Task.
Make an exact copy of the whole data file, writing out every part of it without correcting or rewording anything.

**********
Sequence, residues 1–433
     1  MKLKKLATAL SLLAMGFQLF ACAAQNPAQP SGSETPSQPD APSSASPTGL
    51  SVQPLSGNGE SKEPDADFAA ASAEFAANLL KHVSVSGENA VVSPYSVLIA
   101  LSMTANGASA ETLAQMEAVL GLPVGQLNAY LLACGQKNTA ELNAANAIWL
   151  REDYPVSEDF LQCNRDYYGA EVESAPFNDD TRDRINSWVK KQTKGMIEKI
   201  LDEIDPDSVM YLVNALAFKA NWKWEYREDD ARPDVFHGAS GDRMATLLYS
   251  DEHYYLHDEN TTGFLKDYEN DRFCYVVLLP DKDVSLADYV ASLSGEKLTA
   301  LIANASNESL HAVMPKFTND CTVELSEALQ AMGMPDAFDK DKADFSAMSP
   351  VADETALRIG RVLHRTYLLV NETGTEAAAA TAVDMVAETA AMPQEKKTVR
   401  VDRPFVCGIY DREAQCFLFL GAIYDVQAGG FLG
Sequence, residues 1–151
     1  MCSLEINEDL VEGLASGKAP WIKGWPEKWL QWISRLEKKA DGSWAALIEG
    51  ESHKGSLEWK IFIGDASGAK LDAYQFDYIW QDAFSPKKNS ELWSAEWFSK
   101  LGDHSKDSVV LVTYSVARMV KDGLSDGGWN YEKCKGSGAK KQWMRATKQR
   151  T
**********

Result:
Sequence, residues 1–433
     1  MKLKKLATAL SLLAMGFQLF ACAAQNPAQP SGSETPSQPD APSSASPTGL
    51  SVQPLSGNGE SKEPDADFAA ASAEFAANLL KHVSVSGENA VVSPYSVLIA
   101  LSMTANGASA ETLAQMEAVL GLPVGQLNAY LLACGQKNTA ELNAANAIWL
   151  REDYPVSEDF LQCNRDYYGA EVESAPFNDD TRDRINSWVK KQTKGMIEKI
   201  LDEIDPDSVM YLVNALAFKA NWKWEYREDD ARPDVFHGAS GDRMATLLYS
   251  DEHYYLHDEN TTGFLKDYEN DRFCYVVLLP DKDVSLADYV ASLSGEKLTA
   301  LIANASNESL HAVMPKFTND CTVELSEALQ AMGMPDAFDK DKADFSAMSP
   351  VADETALRIG RVLHRTYLLV NETGTEAAAA TAVDMVAETA AMPQEKKTVR
   401  VDRPFVCGIY DREAQCFLFL GAIYDVQAGG FLG
Sequence, residues 1–151
     1  MCSLEINEDL VEGLASGKAP WIKGWPEKWL QWISRLEKKA DGSWAALIEG
    51  ESHKGSLEWK IFIGDASGAK LDAYQFDYIW QDAFSPKKNS ELWSAEWFSK
   101  LGDHSKDSVV LVTYSVARMV KDGLSDGGWN YEKCKGSGAK KQWMRATKQR
   151  T